clock menu more-arrow no yes mobile

Filed under:

It’s mailbag time!

Your questions: answered

MLB: Colorado Rockies at Philadelphia Phillies John Geliebter-USA TODAY Sports

We asked, you provided. Let’s dive right in.

This is an interesting question that will likely get answered right away when the team is allowed to make moves again. Dave Dombrowski has never been shy about trading prospects to acquire impact major league talent, but his reputation of emptying the farm system all the time is undeserved. Looking back at his career with Montreal, Florida, Detroit and Boston, the only time he really dumped top prospects, he got Miguel Cabrera (who was just entering his prime) and Chris Sale (who was in the middle of it). Those are deals every GM would make ten times out of ten.

That said, it would be silly for the Phillies to make a deal involving Mick Abel, Bryson Stott or Andrew Painter right now unless they are getting that impact talent. Bryan Reynolds or Jose Ramirez would qualify as that, so you could justify making a deal for one of those two, but other than that, that trio should stay put.

So, let’s circle back. Who is likely to dealt? One of the catchers - Rafael Marchan or Logan O’Hoppe - should hold some appeal to other teams that might have questionable catching depth. Mickey Moniak might be able to bring them something if another team sees the opportunity to unlock something the Phillies couldn’t. If a deal comes along where Alec Bohm could be moved for an impact deal, they should explore it. Unless the Phillies are willing to take on most of Didi Gregorius’ contract, he’s going to stay here. So of all the candidates that have been mentioned, I’d put the two catchers at the top of the list. O’Hoppe might be more valuable than Marchan because his hit tool might be higher, but Marchan is ready for the big leagues now. Neither is going to be enough by themselves to bring back something alone (they’d be a nice second piece in a package), so we’ll just have to wait and see.

So, without published reports of what the players’ association actually wants, it’s difficult to put a number on it. From everything that we have seen, they’ve been discussing more of a salary floor than anything, believing that forcing teams to spend money will help those that are trying to tank. There has been some numbers bandied about at the top of the scale ($214 million was one that I saw), so let’s go with that.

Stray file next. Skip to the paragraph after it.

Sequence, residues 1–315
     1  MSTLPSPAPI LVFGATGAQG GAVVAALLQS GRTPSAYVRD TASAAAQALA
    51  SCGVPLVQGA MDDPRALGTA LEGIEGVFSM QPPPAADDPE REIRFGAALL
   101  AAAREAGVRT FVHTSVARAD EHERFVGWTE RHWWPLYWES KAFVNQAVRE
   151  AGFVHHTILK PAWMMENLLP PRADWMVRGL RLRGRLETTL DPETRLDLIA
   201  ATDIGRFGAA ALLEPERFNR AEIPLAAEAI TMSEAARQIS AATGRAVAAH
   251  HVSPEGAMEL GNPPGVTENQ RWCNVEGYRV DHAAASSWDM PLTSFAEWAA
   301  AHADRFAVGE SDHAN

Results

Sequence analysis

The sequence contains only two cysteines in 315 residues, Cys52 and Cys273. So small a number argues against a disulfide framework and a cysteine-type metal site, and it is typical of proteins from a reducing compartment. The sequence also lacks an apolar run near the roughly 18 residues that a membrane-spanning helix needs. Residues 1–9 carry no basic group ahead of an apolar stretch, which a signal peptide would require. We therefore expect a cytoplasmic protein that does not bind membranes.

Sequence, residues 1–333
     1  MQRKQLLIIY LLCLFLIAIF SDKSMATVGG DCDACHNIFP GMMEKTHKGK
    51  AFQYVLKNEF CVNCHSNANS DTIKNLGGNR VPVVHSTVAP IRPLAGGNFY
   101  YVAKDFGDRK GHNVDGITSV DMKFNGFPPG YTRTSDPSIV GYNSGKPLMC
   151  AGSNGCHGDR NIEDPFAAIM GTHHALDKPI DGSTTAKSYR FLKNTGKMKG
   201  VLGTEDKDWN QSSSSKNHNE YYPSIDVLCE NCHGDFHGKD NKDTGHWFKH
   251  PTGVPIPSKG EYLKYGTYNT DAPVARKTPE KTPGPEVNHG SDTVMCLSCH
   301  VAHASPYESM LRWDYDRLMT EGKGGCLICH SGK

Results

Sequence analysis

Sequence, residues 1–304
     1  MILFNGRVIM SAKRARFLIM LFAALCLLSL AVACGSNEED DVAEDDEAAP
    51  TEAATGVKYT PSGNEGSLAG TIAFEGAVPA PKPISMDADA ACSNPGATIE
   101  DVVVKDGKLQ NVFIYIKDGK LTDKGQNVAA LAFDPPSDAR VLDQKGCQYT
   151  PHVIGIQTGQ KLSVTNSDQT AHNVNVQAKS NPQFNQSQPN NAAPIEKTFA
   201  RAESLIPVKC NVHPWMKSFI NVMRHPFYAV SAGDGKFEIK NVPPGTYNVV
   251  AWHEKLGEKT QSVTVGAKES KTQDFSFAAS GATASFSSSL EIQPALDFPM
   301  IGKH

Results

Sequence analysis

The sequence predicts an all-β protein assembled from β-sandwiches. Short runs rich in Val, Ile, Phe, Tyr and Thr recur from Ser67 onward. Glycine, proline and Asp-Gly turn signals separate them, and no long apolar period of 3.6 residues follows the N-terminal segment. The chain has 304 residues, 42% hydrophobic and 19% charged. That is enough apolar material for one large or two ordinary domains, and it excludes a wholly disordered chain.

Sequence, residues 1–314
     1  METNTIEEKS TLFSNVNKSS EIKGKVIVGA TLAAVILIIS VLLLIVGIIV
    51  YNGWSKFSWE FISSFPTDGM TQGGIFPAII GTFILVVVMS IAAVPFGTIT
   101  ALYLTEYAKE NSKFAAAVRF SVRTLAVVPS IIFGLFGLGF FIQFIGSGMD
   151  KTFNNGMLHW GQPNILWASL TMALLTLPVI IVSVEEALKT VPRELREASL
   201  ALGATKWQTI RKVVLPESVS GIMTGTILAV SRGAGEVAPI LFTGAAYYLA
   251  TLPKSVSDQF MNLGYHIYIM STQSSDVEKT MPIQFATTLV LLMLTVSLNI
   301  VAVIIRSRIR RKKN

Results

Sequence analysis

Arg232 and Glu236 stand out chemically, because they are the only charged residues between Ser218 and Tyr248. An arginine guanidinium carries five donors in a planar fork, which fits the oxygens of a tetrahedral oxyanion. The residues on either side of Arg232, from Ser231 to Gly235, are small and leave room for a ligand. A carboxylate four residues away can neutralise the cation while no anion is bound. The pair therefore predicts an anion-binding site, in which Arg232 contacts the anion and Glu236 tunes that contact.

Adding an extra $4 million to the top line rate right now only leaves the Phillies with about $33 million spend if they are going to continue treating the luxury tax as a soft cap. If the luxury tax is still in place in any way that is close to the current $210 million, then the answer to this question is an easy “no”. Signing Correa or Story, plus whatever else they still are rumored to be getting (Mychal Givens? Kyle Schwarber?) would put them into that danger zone of getting taxed. If the luxury tax goes higher than that, say, $225 million, now we’re talking. Now it’s far more likely that they would consider one of the big name shortstops as a free agent target. Of the two, it’s probable that Story would be the target over Correa for a few reasons. First, Correa will probably demand more money, which might price him way out of the Phillies’ theoretical comfort zone. Story’s down season last year depresses his market a touch, but he’s still going to command a pretty penny. It might just be closer to what Marcus Semien or Javy Baez got than what Corey Seager signed for. Second, Story might be more willing to shift to a new position if Bryson Stott is ready to come up. There hasn’t been much written about that, but Correa seems dead set on playing shortstop no matter what. Story just left Colorado. He’ll probably play anywhere so long as it’s with a contender.